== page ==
I can’t say I was ever really a fan of Joan Armatrading, but her 1983 hit “Drop the Pilot” comes to mind following the Equity Market Structure Advisory Committee’s (EMSAC) recommendation for an Access Fee Pilot Program.
Maker-taker pricing refers to the practice whereby exchanges charge customers an ‘access fee’ for removing liquidity and pay a rebate to customers who provide liquidity. Maker taker pricing was first developed in the late 1990’s and championed by ECNs (whose quotes were not protected then) as a way to attract liquidity to their order book. Exchanges followed suit and the practice became ubiquitous by 2005 when Regulation NMS set access fee caps at 30 cents per hundred shares - implicitly constraining rebates also which would necessarily be less than that for exchange trading to be profitable.
The maker-taker system has been criticized for years for distorting the market by incentivizing broker routing strategies to preference rebates over best execution, giving rise to market making strategies that focus on capturing rebates over liquidity provision, and for driving certain types of trading into dark pools. So while I am glad that the topic is being seriously debated within the SEC, the way the proposed pilot is being constructed, it is likely to be a costly experiment that will do little to drive meaningful, positive reform of equities market structure. More specifically:
- The proposed pilot does not in fact address maker-taker pricing – the system whereby makers receive a rebate and takers pay a fee. According to the memorandum released by EMSAC the proposal will instead create four buckets of pilot securities with a different access fee cap applying to each bucket. There is no restriction on the rebate side of the equation, so maker-taker will continue to exist albeit in lesser magnitude. It will provide no information on liquidity provision or market quality in the absence of a bifurcated pricing regime. To test this I would have liked to see a bucket that included pilot securities where pricing was the same whether a trade was adding or removing liquidity.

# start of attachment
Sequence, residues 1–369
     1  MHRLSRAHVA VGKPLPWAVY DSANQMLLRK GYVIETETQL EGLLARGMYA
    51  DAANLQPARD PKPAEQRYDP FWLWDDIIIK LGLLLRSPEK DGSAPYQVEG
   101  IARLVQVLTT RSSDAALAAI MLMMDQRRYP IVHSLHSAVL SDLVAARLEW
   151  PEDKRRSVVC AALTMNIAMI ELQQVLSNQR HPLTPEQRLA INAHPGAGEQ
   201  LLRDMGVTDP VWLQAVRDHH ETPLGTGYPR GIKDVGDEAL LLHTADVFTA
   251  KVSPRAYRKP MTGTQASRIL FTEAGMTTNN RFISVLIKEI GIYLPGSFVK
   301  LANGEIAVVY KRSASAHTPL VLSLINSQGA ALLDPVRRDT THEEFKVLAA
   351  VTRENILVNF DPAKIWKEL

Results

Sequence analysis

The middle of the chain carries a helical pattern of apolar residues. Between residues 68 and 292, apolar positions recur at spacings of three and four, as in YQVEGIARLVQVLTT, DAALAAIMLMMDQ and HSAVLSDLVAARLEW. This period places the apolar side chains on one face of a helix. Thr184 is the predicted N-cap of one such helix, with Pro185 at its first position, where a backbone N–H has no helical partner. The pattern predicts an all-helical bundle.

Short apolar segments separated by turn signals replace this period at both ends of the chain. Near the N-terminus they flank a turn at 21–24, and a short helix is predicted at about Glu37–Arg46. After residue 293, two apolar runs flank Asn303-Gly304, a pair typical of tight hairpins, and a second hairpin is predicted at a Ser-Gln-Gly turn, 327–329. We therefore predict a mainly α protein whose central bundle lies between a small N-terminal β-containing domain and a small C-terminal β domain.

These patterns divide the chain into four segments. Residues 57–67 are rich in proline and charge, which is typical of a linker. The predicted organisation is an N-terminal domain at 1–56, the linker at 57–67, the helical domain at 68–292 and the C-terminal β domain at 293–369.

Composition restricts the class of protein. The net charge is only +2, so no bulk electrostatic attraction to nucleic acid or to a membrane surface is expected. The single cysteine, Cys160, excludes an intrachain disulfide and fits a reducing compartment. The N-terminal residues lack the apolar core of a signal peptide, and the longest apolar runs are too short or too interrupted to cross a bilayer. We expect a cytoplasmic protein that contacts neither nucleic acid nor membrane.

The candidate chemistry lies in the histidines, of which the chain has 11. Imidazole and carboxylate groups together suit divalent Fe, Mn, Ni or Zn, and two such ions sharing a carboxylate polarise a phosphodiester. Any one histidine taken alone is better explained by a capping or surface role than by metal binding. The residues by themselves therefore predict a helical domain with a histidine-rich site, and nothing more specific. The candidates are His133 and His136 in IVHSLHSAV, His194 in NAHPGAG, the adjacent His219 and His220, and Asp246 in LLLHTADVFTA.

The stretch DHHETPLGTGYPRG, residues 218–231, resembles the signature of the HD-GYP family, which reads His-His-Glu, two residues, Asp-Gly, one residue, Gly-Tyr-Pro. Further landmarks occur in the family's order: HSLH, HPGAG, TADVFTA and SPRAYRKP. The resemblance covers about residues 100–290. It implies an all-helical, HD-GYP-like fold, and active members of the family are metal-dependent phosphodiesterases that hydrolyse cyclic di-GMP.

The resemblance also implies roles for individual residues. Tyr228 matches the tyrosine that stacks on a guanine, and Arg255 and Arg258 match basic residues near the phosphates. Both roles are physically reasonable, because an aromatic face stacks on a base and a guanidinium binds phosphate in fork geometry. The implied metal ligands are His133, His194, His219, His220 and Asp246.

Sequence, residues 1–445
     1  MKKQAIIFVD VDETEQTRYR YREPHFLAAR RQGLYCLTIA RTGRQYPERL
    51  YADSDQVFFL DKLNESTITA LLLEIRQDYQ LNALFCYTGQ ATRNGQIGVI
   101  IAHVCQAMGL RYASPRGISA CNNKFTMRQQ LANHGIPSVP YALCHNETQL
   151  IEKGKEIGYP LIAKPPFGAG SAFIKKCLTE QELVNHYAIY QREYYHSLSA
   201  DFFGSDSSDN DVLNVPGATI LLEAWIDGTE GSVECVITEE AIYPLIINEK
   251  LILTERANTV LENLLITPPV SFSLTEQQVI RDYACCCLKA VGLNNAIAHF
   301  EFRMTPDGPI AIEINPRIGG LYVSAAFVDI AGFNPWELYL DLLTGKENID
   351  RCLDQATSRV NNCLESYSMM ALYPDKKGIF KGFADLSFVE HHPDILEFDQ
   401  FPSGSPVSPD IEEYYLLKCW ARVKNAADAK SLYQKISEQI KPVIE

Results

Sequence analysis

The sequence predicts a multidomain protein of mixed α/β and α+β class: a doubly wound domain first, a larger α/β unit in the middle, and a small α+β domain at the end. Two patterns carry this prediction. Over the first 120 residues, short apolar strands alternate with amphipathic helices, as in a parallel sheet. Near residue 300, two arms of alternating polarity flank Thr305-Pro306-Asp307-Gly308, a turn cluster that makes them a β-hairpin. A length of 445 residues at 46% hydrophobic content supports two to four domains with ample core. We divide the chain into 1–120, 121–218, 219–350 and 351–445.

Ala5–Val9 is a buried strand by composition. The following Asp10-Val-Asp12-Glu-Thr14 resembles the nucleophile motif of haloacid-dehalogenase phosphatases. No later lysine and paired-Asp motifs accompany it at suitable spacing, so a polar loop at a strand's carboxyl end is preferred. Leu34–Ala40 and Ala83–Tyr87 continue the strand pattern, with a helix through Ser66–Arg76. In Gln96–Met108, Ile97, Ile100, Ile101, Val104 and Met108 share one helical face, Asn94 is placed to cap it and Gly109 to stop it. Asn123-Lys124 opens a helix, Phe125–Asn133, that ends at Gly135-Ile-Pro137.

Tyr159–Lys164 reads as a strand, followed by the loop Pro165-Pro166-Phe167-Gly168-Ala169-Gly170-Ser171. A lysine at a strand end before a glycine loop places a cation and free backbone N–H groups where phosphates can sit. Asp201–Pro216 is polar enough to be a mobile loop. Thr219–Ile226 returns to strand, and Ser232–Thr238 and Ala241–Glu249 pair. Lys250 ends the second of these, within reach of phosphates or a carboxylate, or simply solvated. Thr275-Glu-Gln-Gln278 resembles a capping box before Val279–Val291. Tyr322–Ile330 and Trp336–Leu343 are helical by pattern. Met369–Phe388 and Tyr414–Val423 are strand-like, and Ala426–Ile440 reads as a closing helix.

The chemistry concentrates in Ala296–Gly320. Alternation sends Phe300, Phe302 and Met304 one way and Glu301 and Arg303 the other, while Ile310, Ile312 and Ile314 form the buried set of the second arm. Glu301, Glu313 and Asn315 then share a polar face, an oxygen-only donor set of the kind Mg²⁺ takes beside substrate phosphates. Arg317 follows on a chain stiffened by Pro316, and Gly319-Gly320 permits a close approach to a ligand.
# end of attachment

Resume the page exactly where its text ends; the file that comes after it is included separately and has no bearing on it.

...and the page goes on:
- The cost will be significant. To implement the pilot exchanges will need to reprogram all their systems as will market participants who connect to them. Market makers, brokers and systems providers will need to update their smart order routers and all back office and admin tools. The amount of work required to implement a pricing change in the pilot buckets will be the same, if not more, than the cost of implementing a market-wide change.
- It is debatable the extent to which all market participants will decide to update their systems, drawing into question the validity of the data collected. Market makers and HFT will certainly re-program their systems, but many smaller brokers may feel the cost of making the change outweighs the benefits.
- The exchanges will fight this hard, as we are already beginning to see. Firstly they were excluded from the sub-committee that developed the proposed pilot. Secondly there is a proposed bucket with an access fee cap of $0.0002 which will make it extremely difficult for exchanges to make money in those securities (indeed there was discussion at the meeting yesterday of lowering it to zero). And thirdly, it does not include a trade-at bucket which exchanges have previously indicated they would like to see in return for maker-taker reform.
Now I realize that the proposed pilot was constructed to focus on access fees, because that is the mechanism available under Reg NMS; and I realize that the exchanges were invited to provide feedback to the sub-committee (but not be a member); and I realize that trade-at was left out because there is a trade-at component to the tick size pilot. However, implementing a pilot that will narrowly look at just one part of our controversial market structure will not result in any meaningful improvement.
To me, meaningful market structure reform means we need to look at all the inter-connected issues that are affecting equity market structure and address them together – a holistic approach some might say. We need to recognize that US equity markets contain many diverse participants with different needs and often opposing incentives. Everything needs to be on the table: maker-taker, trade-at, co-location, SIP feeds, market data, etc. To do that will require the SEC to answer some fundamental questions around the value of displayed liquidity and price discovery, how to regulate speed and how to ensure a level playing field with respect to market data. That level of change will take bold, decisive policy unlikely to come out of cross-sectional industry committees.